Your Trip Right presents

The Great Central Rd Guide

YOUR TRIP RIGHT RADIO

  • Dalhhousie Springs4:34
  • Birdsville QLD5:28
  • Bamboo Creek Tin Mine, Litchfield National Park2:56
  • Stuart Highway14:41
  • DALY WATERS7:52

Your Trip Right

Crossing The Simpson PArt 1



After completing the Connie Sue Highway in 2014 we made our intentions clear that in 2015 we would cross the Simpson first from West to East along the French Line then South to North on the Hay River Track. Family and friends were envious of our 2014 epic down the Connie sue, so it didn’t take long for word to spread and before we knew our convoy had grown form 1 in 2014 to 7 in 2015.

Was installed by French petroleum company in the 1960’s. The French line is the shortest and most direct route across the Simpson Desert. The French line is only 437km long however what makes it challenging is the 1200 dunes to cross which includes the mammoth Big Red which towers 30 meters above the desert plains.

 















Jess and I were nervous, me more so then Jess. We were planning on towing the Tvan across the desert and I really wondered about the pulling power of the Prado over the dunes. Making matters worse every article we read about crossing the Simpson made us more confused then we were before hand. Growing up in Newcastle I am use to and know the dunes in that part of Australia, I knew if the dues out in the Simpson were anything like those on Stockton beach I had a real problem coming. Our back up plan was the big V8’s in our convoy these big V8’s have and some serious dollars sunk into their performance and were running like race car’s these day’s.

To ensure success in our desert crossing we did a bit of work to the Prado. Obviously we would have loved more power but as we had already installed the Roo Systems Chip and a 3 inch exhaust we had no cheap avenues left to explore. Which left me with what I believed could be the weakest link in the Prado the Automatic transmission.

 















Our Prado is heavy without towing the Tvan, all our accessories and emergency gear really weighs us down. Adding a fully loaded Tvan to the mix and 1200 sand dunes you can easily work out the gear box was not designed specifically for this assignment. From what little I knew about the auto transmission I had concluded heat was going to be the enemy in the Desert. Reducing the heat was the key to our gear box surviving this punishing outing.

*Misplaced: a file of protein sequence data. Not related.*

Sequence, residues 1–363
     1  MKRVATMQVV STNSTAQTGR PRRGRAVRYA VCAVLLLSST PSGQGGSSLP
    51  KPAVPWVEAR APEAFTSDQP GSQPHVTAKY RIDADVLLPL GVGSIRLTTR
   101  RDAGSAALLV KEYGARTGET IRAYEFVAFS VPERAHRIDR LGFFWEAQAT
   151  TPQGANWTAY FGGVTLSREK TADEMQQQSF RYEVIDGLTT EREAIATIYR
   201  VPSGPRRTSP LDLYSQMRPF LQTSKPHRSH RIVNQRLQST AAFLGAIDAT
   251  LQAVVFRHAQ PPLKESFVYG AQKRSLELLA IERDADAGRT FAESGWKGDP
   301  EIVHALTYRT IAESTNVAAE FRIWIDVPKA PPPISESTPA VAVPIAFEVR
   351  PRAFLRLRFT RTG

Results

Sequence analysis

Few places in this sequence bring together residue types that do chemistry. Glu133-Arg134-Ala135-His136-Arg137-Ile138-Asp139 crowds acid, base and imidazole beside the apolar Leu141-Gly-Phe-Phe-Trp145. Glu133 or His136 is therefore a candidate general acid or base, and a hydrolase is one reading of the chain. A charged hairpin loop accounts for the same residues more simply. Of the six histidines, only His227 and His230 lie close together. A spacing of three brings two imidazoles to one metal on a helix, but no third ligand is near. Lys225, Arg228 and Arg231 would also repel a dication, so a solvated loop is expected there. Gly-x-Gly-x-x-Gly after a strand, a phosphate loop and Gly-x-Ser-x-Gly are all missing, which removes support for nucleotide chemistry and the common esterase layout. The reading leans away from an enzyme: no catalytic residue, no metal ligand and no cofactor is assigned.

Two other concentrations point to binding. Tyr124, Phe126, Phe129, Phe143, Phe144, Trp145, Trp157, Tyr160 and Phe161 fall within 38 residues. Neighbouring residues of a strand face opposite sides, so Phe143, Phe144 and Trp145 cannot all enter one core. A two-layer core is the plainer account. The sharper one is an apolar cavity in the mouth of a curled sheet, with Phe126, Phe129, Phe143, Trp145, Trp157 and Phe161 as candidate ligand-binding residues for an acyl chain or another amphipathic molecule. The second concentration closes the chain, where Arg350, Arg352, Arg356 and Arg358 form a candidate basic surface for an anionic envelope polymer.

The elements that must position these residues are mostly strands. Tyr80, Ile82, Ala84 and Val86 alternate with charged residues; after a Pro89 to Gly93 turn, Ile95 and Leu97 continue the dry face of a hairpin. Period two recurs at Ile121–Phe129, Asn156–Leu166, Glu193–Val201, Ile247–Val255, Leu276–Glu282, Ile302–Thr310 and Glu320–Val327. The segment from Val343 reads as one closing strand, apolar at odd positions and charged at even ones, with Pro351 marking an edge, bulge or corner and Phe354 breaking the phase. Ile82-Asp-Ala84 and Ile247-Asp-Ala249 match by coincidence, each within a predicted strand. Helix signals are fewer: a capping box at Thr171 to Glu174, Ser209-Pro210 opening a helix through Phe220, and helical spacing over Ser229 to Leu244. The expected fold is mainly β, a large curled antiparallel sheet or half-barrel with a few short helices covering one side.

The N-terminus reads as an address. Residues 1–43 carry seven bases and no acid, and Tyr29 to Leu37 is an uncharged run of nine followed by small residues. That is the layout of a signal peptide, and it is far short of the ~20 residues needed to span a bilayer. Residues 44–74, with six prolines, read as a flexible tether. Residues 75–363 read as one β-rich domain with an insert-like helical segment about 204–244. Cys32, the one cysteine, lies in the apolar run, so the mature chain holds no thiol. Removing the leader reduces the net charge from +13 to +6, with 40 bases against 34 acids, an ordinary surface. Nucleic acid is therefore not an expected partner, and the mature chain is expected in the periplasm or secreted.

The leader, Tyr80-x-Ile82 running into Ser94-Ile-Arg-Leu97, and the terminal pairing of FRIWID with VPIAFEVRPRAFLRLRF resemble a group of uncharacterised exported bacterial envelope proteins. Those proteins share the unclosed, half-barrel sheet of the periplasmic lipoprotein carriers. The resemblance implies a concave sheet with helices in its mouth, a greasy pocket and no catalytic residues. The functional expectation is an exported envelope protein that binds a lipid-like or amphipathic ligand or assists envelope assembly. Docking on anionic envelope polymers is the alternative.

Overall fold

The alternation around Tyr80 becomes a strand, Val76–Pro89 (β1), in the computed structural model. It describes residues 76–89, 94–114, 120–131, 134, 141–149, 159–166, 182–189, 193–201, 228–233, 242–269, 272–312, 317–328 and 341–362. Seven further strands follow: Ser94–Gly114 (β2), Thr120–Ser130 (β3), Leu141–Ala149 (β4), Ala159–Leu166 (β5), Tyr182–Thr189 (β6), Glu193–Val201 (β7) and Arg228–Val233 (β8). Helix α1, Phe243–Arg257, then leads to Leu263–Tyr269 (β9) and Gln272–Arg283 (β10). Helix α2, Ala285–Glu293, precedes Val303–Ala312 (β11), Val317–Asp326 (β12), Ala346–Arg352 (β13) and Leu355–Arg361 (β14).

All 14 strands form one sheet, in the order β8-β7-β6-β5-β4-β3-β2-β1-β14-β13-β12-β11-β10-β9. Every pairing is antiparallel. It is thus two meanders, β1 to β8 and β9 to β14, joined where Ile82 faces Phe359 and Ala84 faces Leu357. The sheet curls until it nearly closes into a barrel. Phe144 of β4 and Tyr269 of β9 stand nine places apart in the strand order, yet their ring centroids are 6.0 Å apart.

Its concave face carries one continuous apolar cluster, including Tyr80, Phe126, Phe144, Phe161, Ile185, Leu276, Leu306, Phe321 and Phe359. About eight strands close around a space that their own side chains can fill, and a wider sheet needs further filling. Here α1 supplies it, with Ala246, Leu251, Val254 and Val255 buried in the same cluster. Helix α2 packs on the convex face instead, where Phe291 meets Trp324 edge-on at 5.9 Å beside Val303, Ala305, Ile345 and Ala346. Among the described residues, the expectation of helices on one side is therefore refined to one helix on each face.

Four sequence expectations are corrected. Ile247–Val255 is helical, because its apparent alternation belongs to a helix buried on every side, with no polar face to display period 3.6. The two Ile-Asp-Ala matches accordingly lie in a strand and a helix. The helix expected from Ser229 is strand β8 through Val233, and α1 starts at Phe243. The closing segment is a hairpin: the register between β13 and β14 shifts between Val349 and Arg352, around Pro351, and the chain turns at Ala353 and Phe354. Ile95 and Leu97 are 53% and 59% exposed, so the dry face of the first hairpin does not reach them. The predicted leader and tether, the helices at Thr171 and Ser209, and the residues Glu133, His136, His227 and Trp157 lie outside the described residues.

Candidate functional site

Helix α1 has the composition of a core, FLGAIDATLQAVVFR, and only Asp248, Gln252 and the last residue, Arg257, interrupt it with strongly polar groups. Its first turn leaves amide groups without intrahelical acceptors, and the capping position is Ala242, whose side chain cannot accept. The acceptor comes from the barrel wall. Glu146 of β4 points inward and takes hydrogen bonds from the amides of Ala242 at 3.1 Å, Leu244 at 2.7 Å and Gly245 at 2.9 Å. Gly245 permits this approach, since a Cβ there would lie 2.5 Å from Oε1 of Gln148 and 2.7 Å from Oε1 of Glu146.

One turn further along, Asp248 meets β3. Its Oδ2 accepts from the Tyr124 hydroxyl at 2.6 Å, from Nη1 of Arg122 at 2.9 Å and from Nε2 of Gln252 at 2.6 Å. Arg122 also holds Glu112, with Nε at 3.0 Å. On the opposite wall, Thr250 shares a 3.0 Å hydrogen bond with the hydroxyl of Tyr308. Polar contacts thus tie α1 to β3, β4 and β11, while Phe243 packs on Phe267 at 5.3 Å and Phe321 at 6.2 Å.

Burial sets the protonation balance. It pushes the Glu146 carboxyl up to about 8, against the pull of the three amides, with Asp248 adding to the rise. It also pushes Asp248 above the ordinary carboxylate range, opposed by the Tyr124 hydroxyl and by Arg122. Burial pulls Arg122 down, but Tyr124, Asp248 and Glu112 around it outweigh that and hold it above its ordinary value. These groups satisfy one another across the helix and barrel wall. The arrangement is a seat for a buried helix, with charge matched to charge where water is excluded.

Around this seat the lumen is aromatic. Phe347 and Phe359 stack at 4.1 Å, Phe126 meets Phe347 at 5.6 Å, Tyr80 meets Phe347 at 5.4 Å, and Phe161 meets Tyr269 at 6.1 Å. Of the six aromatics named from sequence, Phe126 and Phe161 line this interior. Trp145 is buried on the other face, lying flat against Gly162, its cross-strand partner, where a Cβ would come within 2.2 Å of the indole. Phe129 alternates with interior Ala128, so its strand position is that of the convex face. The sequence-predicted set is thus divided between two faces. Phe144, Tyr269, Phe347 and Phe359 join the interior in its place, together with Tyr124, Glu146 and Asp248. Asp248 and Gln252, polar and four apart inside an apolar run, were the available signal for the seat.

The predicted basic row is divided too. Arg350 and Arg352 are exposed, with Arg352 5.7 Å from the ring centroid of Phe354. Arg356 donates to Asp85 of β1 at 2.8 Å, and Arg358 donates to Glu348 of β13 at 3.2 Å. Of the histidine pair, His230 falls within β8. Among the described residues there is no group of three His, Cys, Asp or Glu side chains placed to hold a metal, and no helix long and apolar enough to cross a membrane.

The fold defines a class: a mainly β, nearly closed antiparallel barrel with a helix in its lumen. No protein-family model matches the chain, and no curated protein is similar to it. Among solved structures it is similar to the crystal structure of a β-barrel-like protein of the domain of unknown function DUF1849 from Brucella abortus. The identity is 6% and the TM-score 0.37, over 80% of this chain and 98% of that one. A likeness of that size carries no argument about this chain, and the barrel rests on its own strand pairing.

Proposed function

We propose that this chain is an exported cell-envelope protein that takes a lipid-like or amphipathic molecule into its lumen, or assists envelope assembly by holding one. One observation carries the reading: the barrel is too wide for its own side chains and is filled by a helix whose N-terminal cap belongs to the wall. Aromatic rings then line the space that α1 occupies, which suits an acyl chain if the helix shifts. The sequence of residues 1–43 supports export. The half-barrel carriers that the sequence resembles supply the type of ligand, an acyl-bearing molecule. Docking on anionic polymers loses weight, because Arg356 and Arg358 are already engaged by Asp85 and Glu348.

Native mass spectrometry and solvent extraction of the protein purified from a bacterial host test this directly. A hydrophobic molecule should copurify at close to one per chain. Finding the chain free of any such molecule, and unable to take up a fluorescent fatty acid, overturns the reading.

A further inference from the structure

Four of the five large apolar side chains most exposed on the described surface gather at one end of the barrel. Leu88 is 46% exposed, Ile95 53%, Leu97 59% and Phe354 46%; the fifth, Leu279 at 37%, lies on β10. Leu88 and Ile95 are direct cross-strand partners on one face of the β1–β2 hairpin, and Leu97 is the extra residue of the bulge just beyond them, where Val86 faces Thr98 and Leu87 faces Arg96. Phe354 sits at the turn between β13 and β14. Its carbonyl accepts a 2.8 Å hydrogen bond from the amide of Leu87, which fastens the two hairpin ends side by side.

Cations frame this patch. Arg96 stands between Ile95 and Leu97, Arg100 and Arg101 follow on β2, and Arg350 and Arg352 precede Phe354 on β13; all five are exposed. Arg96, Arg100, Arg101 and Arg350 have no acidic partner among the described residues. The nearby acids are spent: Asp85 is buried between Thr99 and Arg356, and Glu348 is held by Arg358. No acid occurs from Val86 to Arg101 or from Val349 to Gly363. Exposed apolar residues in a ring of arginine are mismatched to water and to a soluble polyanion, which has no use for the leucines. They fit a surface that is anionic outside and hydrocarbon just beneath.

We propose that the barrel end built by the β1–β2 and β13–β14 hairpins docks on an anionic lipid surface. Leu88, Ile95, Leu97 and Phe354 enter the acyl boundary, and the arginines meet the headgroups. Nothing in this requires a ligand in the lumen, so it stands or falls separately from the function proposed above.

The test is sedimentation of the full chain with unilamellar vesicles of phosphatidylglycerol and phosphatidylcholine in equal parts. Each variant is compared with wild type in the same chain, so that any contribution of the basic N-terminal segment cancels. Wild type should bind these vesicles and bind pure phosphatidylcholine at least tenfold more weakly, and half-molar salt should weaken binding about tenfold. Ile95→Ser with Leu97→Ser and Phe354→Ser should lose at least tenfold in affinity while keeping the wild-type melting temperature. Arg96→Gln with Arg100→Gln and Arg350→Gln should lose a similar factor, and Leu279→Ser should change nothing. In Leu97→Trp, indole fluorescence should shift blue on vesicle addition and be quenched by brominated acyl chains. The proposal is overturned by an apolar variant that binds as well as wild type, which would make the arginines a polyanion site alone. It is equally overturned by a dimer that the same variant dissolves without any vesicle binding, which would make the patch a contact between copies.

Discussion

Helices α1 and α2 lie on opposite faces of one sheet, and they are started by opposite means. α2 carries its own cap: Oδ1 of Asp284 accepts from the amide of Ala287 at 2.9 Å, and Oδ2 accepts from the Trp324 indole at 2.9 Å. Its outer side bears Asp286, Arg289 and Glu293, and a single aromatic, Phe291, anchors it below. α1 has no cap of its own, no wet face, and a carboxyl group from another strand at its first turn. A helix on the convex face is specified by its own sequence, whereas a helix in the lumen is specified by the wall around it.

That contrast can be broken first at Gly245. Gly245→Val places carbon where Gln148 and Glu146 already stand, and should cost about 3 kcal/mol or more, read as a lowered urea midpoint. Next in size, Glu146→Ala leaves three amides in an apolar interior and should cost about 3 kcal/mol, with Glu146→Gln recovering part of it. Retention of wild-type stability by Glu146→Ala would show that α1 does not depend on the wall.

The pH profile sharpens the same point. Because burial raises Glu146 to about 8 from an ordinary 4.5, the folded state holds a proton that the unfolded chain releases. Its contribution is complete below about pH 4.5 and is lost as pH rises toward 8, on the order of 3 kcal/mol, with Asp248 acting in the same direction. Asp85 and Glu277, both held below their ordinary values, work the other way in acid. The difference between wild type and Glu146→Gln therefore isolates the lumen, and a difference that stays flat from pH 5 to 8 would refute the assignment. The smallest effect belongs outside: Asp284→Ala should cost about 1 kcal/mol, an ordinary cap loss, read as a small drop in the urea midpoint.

I had a yarn to wholesale automatic transmissions in Melbourne which led me to buy an additional oil cooler, Oil temperature gauge and Torque convertor lockout kit, this is why

Oil Cooler

  • The Prado has very limited cooling capacity in the Auto Transmission
  • I believed keeping my temperatures low was the key to survival


Oil Temperature Gauge

  • The experts were telling me though the Prado has a temperature warning light for the Auto Transmission the damage can be done when the car is constantly running at temperatures close to the warning light but not quite high enough to turn on the warning light.
  • If I could monitor the heat I could pull over or lock the Torque convertor in to reduce the transmission heat thus reducing chance of transmission failure.


Torque convertor lock out

  • To keep transmission temperature lower
  • Improve fuel consumption

Click here to find out what a Torque Convertor lock out does

 















I installed all these myself only as I had no other option living in the Docker River. The jobs varied in difficulty but save your self stress and get a pro to do it.

 Your Trip Right crossed the Simpson with 7 other cars including 200 series Land Cruiser Sharah, 100 series Land Cruiser Sharah, 76 series dual cab ute, Land Drover, two Hilux Utes and our Prado 150 series.

 We all met a Dalhousie springs and we were all keen to see how our car and driving techniques would handle the famous Simpson Desert.

Dalhousie was unreal. The heat of the springs combined with the excitement of the group made for a very exiting first night at camp. For more information on Dalhousie click here.


Our Simpson Desert adventure started at 10:00am the next day. Our group back tracked to Dalhousie ruins. I found the ruins at Dalhousie really interesting. Walking through the old stone buildings. As you walked through each building you figure out what they were once used I found the blacksmiths building the most interesting. You can imagine how important he would have been when Dalhousie station was being used, I think if a blacksmith was still there today he would do a good trade as busted rigs limp off the end of the Simpson desert.

 

















At Dalhousie Ruins Jess and I spoke about the importance for the early settlers to build good relationships with the local Indigenous people of the area. Giving the scarcity of water and the importance of the region to the local people you would want to make friends with you neighbors here.

It was freezing at the ruins. The wind howled through and I struggled to keep the drone in the air. Jess ran around snapping photos while Layla enjoyed spending time with some people other then us…

We left the Dalhousie Ruins quite late around 11:00am and we were more excited then ever to see how we were going to fare against the Simpson Desert.



Click here for part 2





Brett Toll